After the holidays I fell into the vortex of helping my teenage son prepare for a dual art exhibition with a friend which opened last Sunday in DC. Thinking it was just going to be a small affair I was a little taken aback when I saw the size of this space. My son was going to have to paint A LOT for the next month. He was fine with this and I started to fret.
While he was busy painting I was busy figuring out how to do the framing. I learned that gorilla glue and blocks were indispensable for floating art on a wall. Also, shims turned out to be my best friend. I will do a post on that at a later date.
Now on to pleated ribbon trim.
Sometimes you find a fabric that is just too perfect for a space. Yep, this was just shouting Mackenzie Child’s name so I decided it would make a great table runner for my sister’s dining room.
This Kelly green light weight wool plaid was a leftover remnant from another table runner so I used it for the lining.
Now the fun part starts with putting trimmings together.
I pleated the purple grosgrain ribbon to give it some interest.
The black and white roping worked as an accent. Most of my trimmings come from Berwick Offray Ribbon Outlet Store in Hagerstown, MD. Most ribbons sell for about 10 cents per yard so I buy them by the bolt.
Oh yes, these old brass buttons from my grandmother’s button basket which was passed down to me would do just fine.
You really can’t go wrong with peacock feathers……the perfect embellishment for a Mackenzie Child’s inspired table runner. Back in the day when visiting the original Mackenzie Child’s there were always peacocks strutting around the grounds amid the pom pom headed chickens.
I use lidded sugar bowls for soup bowls. Clang, clang, clang…..the soup spoons against the metal bowls can be noisy with a full table of guests. I guess it is all part of the charm.
The table rarely looks like this. Usually the room has a bunch of teenagers crowding around the table with food everywhere. Those are the best memories that I have of this dining room.
All finished off with a darling little bow and button.
I found this gem at a thrift store. It had great lines so I thought I would someday give it a go. I stored it outside in a shed for a year fearing that bed bugs had taken up residence in it. I replaced the foam and batting before recovering it.
I reupholstered the ottoman with this linen fabric resembling a French grain sack but it was a much heavier upholstery weight.
I painted the legs with Annie Sloan Old White with a Chateau Grey wash but it still needed something.
Aha…..a ribbon trim that was already pleated to embellish the ottoman!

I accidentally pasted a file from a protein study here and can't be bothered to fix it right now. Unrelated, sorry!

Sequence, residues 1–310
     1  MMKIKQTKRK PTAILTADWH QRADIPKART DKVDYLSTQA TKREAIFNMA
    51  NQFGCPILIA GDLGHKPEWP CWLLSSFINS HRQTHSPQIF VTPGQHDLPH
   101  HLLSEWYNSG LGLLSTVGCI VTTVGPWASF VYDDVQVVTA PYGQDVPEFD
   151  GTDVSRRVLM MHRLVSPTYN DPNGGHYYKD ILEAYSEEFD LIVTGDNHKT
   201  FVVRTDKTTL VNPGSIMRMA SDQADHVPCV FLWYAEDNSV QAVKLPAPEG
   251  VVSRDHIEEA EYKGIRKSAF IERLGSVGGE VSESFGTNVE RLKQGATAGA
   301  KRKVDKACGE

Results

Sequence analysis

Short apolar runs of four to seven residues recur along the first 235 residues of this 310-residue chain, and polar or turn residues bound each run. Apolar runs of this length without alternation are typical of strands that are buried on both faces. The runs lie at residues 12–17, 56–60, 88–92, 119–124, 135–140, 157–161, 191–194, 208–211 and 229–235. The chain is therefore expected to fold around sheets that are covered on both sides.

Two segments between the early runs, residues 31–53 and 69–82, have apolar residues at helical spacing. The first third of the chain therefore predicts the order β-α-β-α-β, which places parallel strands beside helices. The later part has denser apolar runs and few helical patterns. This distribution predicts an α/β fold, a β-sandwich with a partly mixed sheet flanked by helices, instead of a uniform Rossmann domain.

I used a hot glue gun to attach the ribbon. You will have much better control of the bead of glue if using a small hot glue gun instead of a large hot glue gun. I learned this the hard way after burning my finger when frantically trying to peel off a large glob of hot glue.
The ribbon really was the jewelry that set this grain sack upholstery apart from that catalog look. This was a Christmas gift for my niece.
I found this bench years ago at a flea market. The back is a headboard which is married to the arms and legs of what was once a nice old chair.
The ribbon was wired so I removed the wire and pleated it. I find that a lot of ribbon that I really like is wired. If you give it a yank, it pulls right out. The cushion was made with recycled feather bed pillows. The patio looked like I had just plucked a chicken after stuffing the new cushion!
If I knew how to wield power tools I think I would make more of these headboard / chair benches. Maybe I should look into a class at the local hardware store. You could get really creative.
If you don’t have a pleater or a sewing machine with a pleater you can pleat the ribbon by hand. If you make a cardboard pattern to start out making your folds you will eventually be able to do this by just eye balling the pleats without a cardboard guide.
Pull out the guide and line up the folded pleat along the 1/2″ line. Wrap the ribbon from behind the loop around the guide and insert a pin (white pin).
Pull out the guide and repeat the process. Line up the folded pleat along the 1/2″ line. Wrap the ribbon from behind the loop around the guide and insert another pin (blue pin).
Before you know it you will be able to pleat the ribbon with no guide.